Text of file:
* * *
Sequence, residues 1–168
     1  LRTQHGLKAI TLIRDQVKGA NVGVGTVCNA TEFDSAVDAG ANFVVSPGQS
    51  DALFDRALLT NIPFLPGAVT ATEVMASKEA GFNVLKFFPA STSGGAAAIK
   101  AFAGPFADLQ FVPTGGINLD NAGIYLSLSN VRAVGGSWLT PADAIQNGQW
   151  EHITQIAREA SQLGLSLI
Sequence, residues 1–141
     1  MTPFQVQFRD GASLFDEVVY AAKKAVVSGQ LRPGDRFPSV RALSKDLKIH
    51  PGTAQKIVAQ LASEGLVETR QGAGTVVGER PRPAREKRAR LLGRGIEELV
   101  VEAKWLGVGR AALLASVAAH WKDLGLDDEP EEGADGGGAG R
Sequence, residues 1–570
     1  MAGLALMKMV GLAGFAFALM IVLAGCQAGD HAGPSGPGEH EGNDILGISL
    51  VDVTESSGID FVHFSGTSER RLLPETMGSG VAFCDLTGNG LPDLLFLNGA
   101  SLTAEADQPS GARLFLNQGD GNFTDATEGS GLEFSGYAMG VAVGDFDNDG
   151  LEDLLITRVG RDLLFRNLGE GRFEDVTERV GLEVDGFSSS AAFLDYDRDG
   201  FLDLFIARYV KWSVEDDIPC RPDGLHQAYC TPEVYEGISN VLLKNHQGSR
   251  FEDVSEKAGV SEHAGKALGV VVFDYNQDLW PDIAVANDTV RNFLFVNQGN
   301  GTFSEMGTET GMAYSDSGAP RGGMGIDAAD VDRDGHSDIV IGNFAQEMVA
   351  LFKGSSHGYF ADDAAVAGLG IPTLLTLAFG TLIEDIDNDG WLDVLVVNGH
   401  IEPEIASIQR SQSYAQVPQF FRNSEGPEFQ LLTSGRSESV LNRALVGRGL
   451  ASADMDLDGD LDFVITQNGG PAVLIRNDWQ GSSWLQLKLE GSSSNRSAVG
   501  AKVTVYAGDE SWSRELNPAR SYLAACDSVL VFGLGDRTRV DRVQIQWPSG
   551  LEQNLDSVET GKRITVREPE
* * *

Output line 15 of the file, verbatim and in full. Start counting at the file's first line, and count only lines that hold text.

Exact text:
   201  FLDLFIARYV KWSVEDDIPC RPDGLHQAYC TPEVYEGISN VLLKNHQGSR